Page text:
In November 2021, UConn History Master’s student Matthew Novosad presented at UConn’s annual Graduate Research Conference. This conference is an opportunity for 2nd year graduate students to engage their research ideas with the broader UConn community. The work presented at this conference is based on research conducted during the 5102 course, “Historical Research and Writing.” Matthew Novosad’s research examines perceptions of submarine warfare during the First World War. His paper was titled, ” ‘The law of nations, the law of man, and the law of God’: Discourse on Submarine Warfare in American Newspapers during the First World War.” He is also the president of the Franklin Historical Society and board member of Ashbel Woodward Museum in Franklin, CT.
1) What is your 5102 research project about? What are the central research questions? What are some of your findings?
My 5102 Research project was about the discourses about submarine warfare during the First World War in the United States. I primarily utilized newspapers for this project, drawing especially on editorials, advertisements, and letters to the editor. One of the guiding questions for all of my research, not just this project, is why did the submarine come to be almost exclusively associated with Germany during the World Wars, even when other countries made extensive usage of their submarine fleets? As well, I am also interested in how was the submarine understood during the war. I felt that one potential way to explore these questions was to look at how submarines were being discussed in the United States and to thus see if the discourse was about the submarine as an object. As I discovered, the conversations were mostly about the usage of submarines and how people viewed that usage within a legal framework. Additionally, I was interested in how the submarine was viewed in a wider cultural context but was only able to scratch the surface of that theme with this project. Films, I feel, would be an interesting angle to explore as there were multiple submarine related movies produced and released during the war that didn’t have much utilize the conflict as a theme – such as The Submarine Pirate in 1915 which starred Charlie Chaplin’s half-brother Sydney Chaplin. Another was the 1916 production of 20,000 Leagues Under the Sea.
2) How did you become interested in your research topic?
My father was a submariner during the late Cold War and he served onboard the USS George Washington Carver (SSBN 656) and the USS Augusta (SSN 710) so I grew up in a Navy household covered in Navy and submarine decorations. I also attended the Avery Point campus for my BA and most days I drove by a sign which stated that Groton is the “Submarine Capital of the World”. We could look out of our classroom windows and maybe see a Submarine leaving the Thames River and Long Island Sound for the Atlantic. I’d say I’m a product of my environment.
Additionally, I’ve always had an interest in the First World War and when I was an undergraduate, I discovered pictures of British and French submarines which had participated in the Gallipoli campaign in 1915. I had never known, up until that point, that the Allied powers utilized submarines during the First World War. It sent me on an odyssey to discover as much as I can about them. There are many questions I feel that can be explored through the Allied usage of submarines: What challenges does a naval war pose to coalition warfare? How did the Allied powers fit the usage of submarines into their strategies? How did they ‘sell’ their usage when they were condemning the Germans for Unrestricted Submarine Warfare? What relationship existed between civilians and an, at the time, relatively new weapons system? What can we glean about an emerging military-industrial complex (or as other scholars have termed for this period a “naval-industrial complex”)? How were the experiences of the First World War absorbed institutionally by Allied navies, how did that affect them going into the Second World War?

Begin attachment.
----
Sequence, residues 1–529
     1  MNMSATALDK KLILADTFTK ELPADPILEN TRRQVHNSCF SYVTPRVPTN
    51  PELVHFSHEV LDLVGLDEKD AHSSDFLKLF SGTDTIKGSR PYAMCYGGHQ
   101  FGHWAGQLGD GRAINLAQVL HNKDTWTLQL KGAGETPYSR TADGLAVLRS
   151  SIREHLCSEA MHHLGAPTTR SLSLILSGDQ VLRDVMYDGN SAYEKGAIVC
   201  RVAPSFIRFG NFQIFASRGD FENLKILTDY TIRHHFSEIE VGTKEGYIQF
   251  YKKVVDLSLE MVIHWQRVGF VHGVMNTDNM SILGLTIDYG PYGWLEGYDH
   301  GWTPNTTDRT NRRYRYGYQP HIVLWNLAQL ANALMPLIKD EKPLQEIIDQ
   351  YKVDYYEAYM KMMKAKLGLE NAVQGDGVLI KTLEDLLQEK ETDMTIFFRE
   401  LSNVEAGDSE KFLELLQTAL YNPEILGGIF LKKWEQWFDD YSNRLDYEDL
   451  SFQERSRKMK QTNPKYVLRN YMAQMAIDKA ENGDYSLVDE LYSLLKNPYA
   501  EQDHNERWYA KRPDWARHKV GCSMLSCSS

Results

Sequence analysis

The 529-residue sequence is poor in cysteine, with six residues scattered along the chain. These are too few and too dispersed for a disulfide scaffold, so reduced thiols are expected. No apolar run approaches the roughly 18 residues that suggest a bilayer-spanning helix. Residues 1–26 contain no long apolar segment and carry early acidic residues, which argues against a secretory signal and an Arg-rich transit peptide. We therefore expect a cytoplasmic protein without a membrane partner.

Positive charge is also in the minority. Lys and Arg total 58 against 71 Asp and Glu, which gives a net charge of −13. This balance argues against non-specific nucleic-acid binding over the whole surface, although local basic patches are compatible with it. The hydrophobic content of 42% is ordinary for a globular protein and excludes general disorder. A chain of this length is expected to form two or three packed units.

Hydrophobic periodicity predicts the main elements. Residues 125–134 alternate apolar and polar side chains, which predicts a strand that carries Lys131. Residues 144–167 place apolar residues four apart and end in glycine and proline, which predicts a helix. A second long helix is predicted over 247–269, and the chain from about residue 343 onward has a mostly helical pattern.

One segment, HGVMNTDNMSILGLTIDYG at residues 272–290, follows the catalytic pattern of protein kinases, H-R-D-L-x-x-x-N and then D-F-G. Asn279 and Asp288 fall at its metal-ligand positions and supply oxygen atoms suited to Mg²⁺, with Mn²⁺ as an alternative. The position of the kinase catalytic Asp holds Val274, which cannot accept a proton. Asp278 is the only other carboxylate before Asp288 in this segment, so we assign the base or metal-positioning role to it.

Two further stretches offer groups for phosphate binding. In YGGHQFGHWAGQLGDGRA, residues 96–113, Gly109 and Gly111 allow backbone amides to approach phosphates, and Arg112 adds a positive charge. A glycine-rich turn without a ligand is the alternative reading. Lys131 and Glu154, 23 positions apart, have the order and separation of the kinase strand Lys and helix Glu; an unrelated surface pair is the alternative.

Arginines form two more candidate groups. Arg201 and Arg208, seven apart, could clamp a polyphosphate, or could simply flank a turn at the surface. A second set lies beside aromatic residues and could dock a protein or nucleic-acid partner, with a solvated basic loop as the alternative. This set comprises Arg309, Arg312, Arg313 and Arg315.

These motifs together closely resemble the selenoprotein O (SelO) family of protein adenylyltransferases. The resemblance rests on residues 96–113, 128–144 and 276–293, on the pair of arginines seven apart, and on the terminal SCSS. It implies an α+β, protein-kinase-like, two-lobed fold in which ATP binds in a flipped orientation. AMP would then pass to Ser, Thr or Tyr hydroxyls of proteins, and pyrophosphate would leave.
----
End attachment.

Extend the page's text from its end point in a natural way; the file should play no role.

That’s a bit of a long-winded way of saying I became interested in this particular topic for my 5102 Paper in an effort to hopefully learn a little bit about the disconnect between the Allied usage of submarines during the war, and why they are almost non-existent in many accounts of the war at sea during the First World War. The specific shape that the project took, analyzing material that mostly came from newspapers, was the result of circumstance. COVID-19 and attending my first year of Graduate School online made doing other sorts of research more problematic.
3) What were some of the strategies that you used to organize your research? Did you use any digital tools or software?
My main organizational tool was Zotero. It made not only saving and organizing the secondary literature easy, it also let me maintain a well-organized database of my primary sources. I sorted them principally by date as I was exploring responses to the submarine at certain “flashpoints” such as the sinking of the Lusitania in 1915 or the German resumption of unrestricted submarine warfare in 1917. Zotero also made citations much easier!
4) What was your favorite part of this research project?